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Soweto

Soweto is an acronym for South West Township, a description that hardly does justice to the sprawling city of up to five million people that is Johannesburg's dark twin. It is something of a metaphor for South Africa where, disconcertingly, two parallel worlds and economies exist together as if Los Angeles and Lagos found themselves conjoined. We went bicycling round it.

For anyone who has lived in the 20th century Soweto is synonymous with violence and deprivation. Who could forget the daily pictures on television screens of the police gunning down schoolchildren or the appalling black on black civil war fought out between Inkata and the ANC with their 'necklaces' - tyres filled with petrol and hung flaming around the victim's necks? We had visited Soweto briefly before, exactly twenty years ago, and it was then a real Hobbsian nightmare with gangs of unemployed single men, forcibly separated from their families, housed in hostels with no restraint from a hierarchy of society or police, running wild at night to rape at will. It is difficult to shake off these associations and it was with some trepidation that we drove into Soweto to find our bicycle tour.

Poor it certainly is, but a disconcerting mix of tin shacks within a few hundred yards of middle class well-built houses, surrounded by walls for the most part, but with none of the razor-wire and electric-fences of the paranoid affluent suburbs of Johannesburg. It is almost entirely single story which gives it a less threatening mien than the tenement blocks of other cities. Life is lived in the open and every street has a football game amongst children who are keen at every opportunity to high-five you and shout a smiling hello. It is hilly and surrounded by the spoil-heaps of the gold mines that spawned it.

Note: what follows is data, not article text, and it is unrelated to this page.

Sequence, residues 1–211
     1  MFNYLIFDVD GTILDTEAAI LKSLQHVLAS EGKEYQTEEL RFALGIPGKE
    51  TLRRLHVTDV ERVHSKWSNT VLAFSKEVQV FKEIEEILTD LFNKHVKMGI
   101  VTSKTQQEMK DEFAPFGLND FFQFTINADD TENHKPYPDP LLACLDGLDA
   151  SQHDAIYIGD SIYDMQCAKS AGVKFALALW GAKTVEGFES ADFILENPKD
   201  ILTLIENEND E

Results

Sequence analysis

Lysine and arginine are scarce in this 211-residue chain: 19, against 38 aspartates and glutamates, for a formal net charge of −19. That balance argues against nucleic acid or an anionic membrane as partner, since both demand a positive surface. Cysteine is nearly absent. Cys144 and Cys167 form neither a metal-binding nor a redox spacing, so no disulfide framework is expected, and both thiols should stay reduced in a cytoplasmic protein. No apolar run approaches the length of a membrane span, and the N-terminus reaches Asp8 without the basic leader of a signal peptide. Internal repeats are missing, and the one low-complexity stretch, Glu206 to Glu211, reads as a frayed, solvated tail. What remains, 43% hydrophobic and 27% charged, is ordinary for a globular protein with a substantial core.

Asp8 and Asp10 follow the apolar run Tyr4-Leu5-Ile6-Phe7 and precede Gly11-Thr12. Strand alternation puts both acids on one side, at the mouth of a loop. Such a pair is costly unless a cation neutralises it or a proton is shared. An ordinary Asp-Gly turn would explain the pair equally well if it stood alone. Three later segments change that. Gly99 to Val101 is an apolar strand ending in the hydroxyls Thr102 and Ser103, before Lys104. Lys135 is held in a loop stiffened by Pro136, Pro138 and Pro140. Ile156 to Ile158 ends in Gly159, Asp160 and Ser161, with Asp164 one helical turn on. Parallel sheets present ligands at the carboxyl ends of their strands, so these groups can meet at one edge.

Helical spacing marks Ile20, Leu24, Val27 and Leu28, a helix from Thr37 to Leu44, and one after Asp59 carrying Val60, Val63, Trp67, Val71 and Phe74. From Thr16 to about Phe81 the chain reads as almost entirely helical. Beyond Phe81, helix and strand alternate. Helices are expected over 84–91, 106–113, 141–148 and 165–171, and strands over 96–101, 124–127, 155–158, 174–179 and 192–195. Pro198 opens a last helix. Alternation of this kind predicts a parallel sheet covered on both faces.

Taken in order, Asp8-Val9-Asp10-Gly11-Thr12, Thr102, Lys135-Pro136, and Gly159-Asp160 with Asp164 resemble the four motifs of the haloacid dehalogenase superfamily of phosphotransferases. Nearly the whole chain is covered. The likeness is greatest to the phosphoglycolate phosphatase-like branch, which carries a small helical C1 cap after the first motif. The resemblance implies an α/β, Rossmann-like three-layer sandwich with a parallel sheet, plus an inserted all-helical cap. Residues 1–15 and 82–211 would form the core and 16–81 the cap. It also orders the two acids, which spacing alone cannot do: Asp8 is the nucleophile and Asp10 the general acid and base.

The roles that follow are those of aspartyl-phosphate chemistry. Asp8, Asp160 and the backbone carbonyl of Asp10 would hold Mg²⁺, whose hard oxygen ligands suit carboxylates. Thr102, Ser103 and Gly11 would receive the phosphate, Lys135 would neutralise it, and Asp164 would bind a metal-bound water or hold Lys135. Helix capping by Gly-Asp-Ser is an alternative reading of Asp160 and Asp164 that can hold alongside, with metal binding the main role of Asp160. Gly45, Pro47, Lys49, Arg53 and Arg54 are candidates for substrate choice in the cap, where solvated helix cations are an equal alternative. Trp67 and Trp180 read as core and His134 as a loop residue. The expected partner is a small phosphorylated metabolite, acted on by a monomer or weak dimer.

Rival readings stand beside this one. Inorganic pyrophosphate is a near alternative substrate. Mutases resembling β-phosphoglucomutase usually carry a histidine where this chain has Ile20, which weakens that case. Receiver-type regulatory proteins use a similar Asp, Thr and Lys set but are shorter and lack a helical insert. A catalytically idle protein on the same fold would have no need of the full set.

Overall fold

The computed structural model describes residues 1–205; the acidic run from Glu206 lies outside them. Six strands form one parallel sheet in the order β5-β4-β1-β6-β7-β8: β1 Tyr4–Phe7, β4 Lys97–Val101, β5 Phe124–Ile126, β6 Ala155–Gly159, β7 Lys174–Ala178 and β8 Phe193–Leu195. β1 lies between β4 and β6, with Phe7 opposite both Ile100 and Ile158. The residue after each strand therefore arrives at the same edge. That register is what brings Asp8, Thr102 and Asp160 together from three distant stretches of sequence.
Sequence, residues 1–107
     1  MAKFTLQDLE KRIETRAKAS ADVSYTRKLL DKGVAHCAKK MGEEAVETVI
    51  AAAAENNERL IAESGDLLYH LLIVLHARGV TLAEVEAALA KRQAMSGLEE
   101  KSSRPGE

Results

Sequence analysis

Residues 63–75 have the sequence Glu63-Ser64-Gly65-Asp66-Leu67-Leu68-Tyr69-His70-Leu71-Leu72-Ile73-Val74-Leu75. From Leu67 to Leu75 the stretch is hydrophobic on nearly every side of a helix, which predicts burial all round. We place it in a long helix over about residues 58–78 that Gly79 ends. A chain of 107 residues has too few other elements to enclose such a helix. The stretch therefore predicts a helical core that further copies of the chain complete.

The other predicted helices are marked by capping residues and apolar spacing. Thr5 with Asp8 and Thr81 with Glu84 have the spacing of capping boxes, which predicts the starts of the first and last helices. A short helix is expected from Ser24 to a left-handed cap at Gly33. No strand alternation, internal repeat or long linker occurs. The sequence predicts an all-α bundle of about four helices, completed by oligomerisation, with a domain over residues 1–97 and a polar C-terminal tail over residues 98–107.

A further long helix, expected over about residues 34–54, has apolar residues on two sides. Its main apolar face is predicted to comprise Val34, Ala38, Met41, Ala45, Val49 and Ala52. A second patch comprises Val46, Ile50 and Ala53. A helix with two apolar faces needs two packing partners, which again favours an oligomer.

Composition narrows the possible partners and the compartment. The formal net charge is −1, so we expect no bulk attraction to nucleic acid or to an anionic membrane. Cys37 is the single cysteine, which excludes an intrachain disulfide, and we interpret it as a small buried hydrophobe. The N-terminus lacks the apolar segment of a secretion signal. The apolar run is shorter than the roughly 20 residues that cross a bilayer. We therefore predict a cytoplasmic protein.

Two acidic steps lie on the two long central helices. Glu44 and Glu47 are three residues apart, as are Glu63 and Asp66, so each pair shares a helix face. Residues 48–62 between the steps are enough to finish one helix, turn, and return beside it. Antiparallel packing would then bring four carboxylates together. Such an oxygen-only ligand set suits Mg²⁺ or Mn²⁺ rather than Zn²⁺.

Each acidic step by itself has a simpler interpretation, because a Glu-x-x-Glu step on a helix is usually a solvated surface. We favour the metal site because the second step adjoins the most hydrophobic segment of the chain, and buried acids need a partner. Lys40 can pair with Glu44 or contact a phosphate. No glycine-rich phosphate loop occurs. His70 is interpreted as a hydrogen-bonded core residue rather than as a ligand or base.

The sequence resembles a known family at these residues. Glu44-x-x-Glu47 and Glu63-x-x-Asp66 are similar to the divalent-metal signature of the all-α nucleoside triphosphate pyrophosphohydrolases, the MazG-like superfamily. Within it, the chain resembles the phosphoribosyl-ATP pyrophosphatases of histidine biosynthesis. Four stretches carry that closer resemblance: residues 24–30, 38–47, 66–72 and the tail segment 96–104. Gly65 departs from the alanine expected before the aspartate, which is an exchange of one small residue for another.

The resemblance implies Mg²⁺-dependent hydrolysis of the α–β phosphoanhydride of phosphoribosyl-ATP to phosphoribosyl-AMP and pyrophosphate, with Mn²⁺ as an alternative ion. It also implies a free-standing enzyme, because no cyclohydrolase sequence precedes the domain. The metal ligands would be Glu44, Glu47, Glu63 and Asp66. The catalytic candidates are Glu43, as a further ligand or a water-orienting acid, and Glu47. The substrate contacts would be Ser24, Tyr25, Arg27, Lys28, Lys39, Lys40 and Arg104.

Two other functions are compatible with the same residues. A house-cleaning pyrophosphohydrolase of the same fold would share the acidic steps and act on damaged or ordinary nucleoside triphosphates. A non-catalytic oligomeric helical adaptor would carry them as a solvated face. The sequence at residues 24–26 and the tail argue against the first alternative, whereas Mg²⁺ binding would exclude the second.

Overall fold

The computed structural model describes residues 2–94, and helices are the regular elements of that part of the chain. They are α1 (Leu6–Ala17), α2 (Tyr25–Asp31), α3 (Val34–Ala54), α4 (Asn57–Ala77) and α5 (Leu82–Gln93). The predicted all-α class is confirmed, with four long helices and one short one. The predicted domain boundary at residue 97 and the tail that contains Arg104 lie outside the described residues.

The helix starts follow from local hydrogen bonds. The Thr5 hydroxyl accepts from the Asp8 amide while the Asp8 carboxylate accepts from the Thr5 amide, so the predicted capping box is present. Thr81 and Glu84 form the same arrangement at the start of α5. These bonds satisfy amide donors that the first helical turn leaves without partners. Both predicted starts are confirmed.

The tour was in and around Orlando West, not exactly the centre of a city that does not really have such a thing, but the spiritual heart where Mandela once lived and Desmond Tutu still does. It started with a dip in the deep end as we crossed the road into the former Inkata heartland of Zone 1 and into a shocking slum of corrugated shacks and piles of rubbish picked over by rats. We stopped by a shebeen - a pub of sorts with no windows - and went in for a drink. In former times these were illegal and everyone had with them a bible so that all a police raid found was a prayer meeting. We sat, in the gloom, on a bench with the regulars who were drinking the local beer that comes in carton rather than a bottle or tin and sells at about 25p a pint. It tastes like a malty home brew. We were welcomed with smiles and jokes as the loving cup was passed round. We all relaxed.

From then on former associations melted away. Threatening groups of men waved and smiled as we passed. Wild drunks would shake us by the hand and cars would wave us through at intersections. We were liberated from our fear and it was exhilarating. We had arrived with the burden of association and only saw danger. We drove away seeing people coping with poverty and deprivation with admiration - and gratitude for the luck of our own lives.

Everyone should do it - certainly the denizens of the other South Africa. Fear is always corrosive and without it you are liberated to see people differently.
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